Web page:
3

Ist Ihnen noch schwindelig?
Mir ist etwas schwindelig.

Why is the dative pronoun used here? Can we say: Sind Sie schwindelig?

2

Some characteristics of natural (human) language cannot be explained by reason. The use of that word is just so.

You cannot say "Ich bin schwindlig". Okay, you can say this and will even be understood, but everybody will know that your command of German is low.

The expression is correctly

Mir ist schwindlig.

Mir wird schwindlig.

Similar expressions (with dative) would be

Mir ist etwas schwummerig.

Mir wird schlecht.

Mir ist komisch. (Same meaning, basically, but in more informal speach.)

Mir kommt das Kotzen. (Frequently used metaphorically to express emotional aversion, not that much to describe physical symptoms of sickness)

Interestingly, other, not that different physical conditions are expressed with accusative constructs:

Ich bin hungrig.

Ich bin durstig.

Ich bin rollig. (A cat could say this.)

Now for my statement that not everything in natural language can be explained by logic: if you desperately need a "logical" explanation, then you could argue that "Ich bin hungrig" is expressed so because the subject sees its hunger as intrinsic part of himself, wheras in "Mir ist schwindlig" the feeling of dizzyness is seen as something external, coming from outside. But my reaction to such an argument would be: that's overinterpreted. You could also argue that the feelings of hungrig, durstig, rollig, schwindlig are quite similarly refering to transitory conditions of one's physique and therefore should be treated with the same syntactical structure. Well, in German they aren't; in other languages they are.

Examples from other languages (meant to support the thesis that case-use and logic are not always congruent):

Bulgarian

Лошо ми е. - Schlecht mir ist.

Гладен съм. - Hungrig (ich) bin.

Страх ме е. - Angst mich (! accusative!) ist.

Скучно ми е. - Langweilig mir ist.

French

J'ai faim - Ich habe Hunger.

Je me sens étourdi. - Ich mich fühle schwindlig.

Je suis malade. - Ich bin schlecht.

Je suis terrifié. - Ich bin verängstigt.

Turkish

Karnım acıktı. - Bauch-mein offen-ist. (Ich habe Hunger.)

Başım dönüyor. - Kopf-mein er-dreht.

English

I feel dizzy. - Ich fühle schwindlig.

(Note: the German translations mimick the syntactical structure of the original expression. This is not correct German, of course.)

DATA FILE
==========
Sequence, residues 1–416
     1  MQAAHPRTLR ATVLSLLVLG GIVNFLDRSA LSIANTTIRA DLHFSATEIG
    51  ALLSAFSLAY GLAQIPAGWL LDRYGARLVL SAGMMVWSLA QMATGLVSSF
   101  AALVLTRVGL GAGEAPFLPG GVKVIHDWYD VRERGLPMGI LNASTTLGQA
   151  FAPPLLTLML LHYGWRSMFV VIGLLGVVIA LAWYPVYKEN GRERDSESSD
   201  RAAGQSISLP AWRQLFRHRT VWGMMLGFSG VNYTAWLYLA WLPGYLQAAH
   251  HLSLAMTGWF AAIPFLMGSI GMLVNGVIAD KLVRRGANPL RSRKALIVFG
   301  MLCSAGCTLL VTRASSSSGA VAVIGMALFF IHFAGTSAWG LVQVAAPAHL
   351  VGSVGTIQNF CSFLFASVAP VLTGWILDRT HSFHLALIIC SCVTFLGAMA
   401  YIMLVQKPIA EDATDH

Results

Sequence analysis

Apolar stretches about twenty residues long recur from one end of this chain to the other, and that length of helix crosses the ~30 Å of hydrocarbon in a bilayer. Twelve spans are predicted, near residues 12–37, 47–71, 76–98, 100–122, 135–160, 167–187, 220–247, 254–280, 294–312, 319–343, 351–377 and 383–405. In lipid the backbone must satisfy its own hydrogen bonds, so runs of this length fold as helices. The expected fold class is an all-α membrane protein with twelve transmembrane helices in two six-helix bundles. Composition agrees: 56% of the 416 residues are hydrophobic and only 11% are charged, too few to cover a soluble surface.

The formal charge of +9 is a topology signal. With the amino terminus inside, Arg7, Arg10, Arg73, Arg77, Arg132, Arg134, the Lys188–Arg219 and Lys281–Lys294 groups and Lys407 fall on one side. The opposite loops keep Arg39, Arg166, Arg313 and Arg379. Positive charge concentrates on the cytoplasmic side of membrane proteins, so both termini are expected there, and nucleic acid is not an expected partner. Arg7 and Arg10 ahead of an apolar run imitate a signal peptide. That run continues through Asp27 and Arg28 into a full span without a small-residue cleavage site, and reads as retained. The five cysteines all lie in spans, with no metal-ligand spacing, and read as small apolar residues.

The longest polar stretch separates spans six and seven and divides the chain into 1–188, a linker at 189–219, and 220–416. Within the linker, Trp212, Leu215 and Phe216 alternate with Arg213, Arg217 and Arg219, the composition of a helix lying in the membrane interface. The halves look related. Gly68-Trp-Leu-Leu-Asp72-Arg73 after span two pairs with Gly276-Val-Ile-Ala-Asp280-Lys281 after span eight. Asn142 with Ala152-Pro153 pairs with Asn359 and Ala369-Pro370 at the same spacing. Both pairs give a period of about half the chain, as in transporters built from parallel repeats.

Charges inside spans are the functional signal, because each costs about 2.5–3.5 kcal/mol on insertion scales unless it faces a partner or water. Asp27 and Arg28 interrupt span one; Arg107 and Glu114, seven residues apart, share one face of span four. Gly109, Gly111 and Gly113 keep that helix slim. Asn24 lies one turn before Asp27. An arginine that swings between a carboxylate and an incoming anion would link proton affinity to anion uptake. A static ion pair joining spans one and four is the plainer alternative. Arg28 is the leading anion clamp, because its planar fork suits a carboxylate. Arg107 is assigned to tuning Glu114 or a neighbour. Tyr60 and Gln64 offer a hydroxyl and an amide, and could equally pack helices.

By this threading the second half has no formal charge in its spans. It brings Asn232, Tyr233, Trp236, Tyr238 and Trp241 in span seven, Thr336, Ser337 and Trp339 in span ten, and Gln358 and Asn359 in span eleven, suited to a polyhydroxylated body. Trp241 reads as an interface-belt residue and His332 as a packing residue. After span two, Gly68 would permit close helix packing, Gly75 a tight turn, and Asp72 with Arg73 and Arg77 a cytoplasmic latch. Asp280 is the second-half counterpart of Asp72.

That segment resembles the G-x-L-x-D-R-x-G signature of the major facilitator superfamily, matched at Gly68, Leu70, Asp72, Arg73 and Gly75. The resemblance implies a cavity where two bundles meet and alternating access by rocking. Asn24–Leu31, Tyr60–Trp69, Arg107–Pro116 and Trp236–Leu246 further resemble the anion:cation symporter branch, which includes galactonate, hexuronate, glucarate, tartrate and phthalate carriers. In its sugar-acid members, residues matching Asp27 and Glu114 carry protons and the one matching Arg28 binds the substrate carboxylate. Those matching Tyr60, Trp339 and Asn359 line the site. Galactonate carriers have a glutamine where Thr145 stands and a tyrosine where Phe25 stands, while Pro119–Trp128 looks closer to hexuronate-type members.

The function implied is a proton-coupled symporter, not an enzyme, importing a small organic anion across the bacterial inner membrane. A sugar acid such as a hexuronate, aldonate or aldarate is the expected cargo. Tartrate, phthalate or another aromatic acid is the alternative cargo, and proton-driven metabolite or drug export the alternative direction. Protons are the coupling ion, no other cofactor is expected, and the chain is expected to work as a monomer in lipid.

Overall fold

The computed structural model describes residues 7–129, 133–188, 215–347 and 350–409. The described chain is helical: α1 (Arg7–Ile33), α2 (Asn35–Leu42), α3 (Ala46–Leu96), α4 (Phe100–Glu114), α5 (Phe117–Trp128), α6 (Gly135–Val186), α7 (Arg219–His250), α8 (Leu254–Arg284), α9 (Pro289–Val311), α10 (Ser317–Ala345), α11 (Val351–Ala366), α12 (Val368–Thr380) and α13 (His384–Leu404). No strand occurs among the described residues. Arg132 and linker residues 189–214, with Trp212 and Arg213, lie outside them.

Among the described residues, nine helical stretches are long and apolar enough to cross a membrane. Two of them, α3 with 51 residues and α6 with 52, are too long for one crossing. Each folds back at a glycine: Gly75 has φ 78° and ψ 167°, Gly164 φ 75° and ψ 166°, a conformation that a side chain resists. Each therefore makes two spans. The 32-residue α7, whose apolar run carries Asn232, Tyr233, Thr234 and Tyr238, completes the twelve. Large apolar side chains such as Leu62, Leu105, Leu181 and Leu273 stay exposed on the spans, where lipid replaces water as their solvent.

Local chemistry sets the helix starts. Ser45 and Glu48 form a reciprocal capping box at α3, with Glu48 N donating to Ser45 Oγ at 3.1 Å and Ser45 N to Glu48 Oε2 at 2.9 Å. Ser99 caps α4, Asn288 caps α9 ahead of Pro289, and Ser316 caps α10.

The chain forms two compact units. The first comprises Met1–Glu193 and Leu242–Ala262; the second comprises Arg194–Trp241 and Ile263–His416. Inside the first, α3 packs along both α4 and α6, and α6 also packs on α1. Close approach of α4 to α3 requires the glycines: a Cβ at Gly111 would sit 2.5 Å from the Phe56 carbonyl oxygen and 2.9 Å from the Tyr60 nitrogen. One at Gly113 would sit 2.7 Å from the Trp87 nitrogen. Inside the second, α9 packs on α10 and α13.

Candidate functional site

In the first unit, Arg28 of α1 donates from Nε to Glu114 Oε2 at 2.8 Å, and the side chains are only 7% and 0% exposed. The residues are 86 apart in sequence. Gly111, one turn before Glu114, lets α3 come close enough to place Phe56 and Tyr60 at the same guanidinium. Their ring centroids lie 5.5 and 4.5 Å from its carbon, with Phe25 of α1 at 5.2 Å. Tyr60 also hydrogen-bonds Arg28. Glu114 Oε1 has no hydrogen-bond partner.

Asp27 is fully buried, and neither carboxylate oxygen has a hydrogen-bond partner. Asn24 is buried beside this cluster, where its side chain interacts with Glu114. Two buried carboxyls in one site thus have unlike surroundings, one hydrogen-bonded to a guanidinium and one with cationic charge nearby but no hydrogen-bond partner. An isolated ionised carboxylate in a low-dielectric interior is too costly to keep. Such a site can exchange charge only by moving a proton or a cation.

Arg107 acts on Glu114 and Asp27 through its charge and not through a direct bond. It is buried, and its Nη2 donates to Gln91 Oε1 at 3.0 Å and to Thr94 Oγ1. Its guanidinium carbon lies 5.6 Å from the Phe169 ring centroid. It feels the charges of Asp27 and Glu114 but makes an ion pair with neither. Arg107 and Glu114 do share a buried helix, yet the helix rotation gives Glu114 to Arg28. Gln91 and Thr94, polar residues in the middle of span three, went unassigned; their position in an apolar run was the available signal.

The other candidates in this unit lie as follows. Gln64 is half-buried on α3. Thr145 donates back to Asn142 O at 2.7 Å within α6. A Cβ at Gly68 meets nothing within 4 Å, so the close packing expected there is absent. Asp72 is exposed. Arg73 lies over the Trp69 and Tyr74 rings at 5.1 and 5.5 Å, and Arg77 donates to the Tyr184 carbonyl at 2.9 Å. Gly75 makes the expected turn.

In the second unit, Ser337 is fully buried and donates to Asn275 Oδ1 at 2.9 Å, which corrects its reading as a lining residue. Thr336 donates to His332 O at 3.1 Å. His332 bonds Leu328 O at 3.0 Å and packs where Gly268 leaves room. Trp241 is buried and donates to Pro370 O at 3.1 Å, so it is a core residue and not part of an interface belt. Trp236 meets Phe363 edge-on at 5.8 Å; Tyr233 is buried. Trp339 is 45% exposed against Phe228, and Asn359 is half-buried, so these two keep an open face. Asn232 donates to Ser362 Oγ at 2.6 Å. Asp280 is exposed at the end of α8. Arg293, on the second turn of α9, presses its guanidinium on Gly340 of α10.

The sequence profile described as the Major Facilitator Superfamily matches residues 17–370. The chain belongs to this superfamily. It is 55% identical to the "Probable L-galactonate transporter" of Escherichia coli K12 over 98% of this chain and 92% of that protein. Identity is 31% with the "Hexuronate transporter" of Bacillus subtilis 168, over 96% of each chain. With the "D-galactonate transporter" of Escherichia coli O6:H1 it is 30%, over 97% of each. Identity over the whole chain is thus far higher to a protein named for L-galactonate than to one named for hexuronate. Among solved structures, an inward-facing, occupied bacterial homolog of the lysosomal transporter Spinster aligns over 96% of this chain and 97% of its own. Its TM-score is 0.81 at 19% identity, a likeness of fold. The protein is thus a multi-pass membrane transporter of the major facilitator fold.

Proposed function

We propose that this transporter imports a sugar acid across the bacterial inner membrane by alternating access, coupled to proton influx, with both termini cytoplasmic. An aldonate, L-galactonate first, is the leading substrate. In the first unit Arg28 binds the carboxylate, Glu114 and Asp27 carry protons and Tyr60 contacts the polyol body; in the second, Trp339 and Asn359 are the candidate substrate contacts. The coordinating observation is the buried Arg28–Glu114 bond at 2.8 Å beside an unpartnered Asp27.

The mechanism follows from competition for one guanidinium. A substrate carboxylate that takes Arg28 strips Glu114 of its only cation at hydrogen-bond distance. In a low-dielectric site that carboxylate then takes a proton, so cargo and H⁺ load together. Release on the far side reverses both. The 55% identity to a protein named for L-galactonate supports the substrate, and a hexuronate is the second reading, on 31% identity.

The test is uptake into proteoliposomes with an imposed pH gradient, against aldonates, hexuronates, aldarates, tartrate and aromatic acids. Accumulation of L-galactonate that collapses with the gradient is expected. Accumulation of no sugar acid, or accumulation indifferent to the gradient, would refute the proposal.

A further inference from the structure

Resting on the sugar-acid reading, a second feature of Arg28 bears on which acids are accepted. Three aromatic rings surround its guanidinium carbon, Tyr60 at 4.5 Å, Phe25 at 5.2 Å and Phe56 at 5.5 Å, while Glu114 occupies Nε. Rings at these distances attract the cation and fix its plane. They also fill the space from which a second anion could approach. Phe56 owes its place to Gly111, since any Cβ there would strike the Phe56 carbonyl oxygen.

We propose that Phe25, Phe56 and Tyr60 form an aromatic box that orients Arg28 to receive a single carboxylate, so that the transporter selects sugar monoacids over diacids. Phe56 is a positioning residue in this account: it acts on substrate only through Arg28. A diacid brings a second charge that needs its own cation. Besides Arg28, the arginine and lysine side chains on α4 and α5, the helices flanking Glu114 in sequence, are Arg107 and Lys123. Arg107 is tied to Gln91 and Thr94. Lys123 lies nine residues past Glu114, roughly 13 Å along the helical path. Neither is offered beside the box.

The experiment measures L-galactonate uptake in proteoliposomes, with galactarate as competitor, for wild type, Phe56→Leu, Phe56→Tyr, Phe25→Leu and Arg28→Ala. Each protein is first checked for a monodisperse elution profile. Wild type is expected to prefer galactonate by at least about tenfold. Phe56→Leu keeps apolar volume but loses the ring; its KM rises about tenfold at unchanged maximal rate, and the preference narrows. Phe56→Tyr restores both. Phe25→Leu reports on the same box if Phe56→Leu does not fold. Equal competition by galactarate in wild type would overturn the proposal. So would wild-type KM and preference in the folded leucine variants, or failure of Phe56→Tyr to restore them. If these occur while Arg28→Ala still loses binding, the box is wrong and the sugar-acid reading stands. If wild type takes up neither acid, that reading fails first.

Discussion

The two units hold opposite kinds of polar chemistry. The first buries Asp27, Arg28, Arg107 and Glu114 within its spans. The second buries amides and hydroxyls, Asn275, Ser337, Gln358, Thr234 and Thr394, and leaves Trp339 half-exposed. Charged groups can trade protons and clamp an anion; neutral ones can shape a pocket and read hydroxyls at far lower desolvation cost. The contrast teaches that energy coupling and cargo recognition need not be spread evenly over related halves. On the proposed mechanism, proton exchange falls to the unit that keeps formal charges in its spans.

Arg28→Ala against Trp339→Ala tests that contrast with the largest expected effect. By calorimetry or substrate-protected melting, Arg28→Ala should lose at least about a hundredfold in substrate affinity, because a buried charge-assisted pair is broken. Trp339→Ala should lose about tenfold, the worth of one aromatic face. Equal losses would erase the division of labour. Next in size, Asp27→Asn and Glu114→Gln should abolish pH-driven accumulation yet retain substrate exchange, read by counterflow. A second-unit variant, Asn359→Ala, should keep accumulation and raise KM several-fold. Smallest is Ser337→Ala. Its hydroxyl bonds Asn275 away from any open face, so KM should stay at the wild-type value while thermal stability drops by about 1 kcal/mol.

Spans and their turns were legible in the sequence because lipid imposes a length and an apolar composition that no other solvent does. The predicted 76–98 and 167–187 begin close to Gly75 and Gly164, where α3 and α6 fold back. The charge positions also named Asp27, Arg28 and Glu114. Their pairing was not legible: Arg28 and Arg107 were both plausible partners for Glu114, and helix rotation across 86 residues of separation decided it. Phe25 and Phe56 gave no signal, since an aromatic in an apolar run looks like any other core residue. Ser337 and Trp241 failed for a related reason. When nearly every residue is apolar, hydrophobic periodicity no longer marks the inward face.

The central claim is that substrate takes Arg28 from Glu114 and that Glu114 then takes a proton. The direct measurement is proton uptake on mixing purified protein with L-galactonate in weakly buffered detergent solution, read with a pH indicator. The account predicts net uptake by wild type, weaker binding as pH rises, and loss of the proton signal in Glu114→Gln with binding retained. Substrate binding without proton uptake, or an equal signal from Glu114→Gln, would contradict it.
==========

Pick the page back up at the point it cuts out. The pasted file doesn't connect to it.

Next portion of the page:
Claiming (as others did) that "Mir ist schwindlig" is dative because the subject perceives the feeling of dizzyness as something external, as opposed to e.g. to hunger ("Ich bin hungrig") would mean claiming that a native speaker of - say - English has a more "intrinsic" perception of his dizziness. I think this shows that case-use on certain phenomena of life is most probably predominantly random, not systemic.

  • Gut feelings come from within —by definition— I would say. – Janka Sep 19 '18 at 10:25
5

This is the same as with

Mir ist heiß/kalt.

It's a feeling rather than an intrinsic feature of yourself. You are the receiver of that feeling. That's why it has to be a dative object rather than a subject.

You could say

Ich bin schwindelig.

for comical effect. People would understand you are in the mood of telling lies. Because the verb schwindeln means that and moods are what comes from within you.

  • Good explanation - here is some more background: canoo.net/blog/2017/08/04/subjektloses-langweiligsein – Takkat Sep 19 '18 at 9:44
  • I think your explanation is circular. You see that in German Mir ist heiß is a dative construct, and from that you derive that the subject perceives the feeling as received (rather than self-made). But: other languages treat the same thing syntactically differently. To hold your claim up you would then have to claim further that native speakers of German do perceive their feelings of heat, warmth, cold, dizzyness as things they got from outside, whereas other natives of other languages perceive these feelings as intrinsic. That's improbable. You need a comparatistic approach here. – Christian Geiselmann Sep 19 '18 at 15:20
  • 1
    It's not circular — it's within the logic of this particular language. One could only build patterns that work well for most of the cases and then give a reason why it fits well into another, more common rule. At least that helps much in remembering grammar – rather than being a coppice of exceptions. And one of the most prominent (and simple) rules of the German case system is determine the receiver, it becomes the dative object. This works well for all verbs but those half a dozen with double accusative objects. – Janka Sep 19 '18 at 16:52
  • @Janka Still it is circular. You start from the case (dative) and say "the speaker perceives this thing as a given (or received) thing". But your only argument for this claim is that dative is used. That's a textbook example for a circular argument. If it was accusative, you would argue that the speaker perceives the thing as something he directly deals with. – Christian Geiselmann Sep 19 '18 at 23:15
  • Posts in this SE deal with the German language and its inner logic. I don't see a value in adding The German grammar thinks: before any statement. I see this as given. – Janka Sep 19 '18 at 23:58

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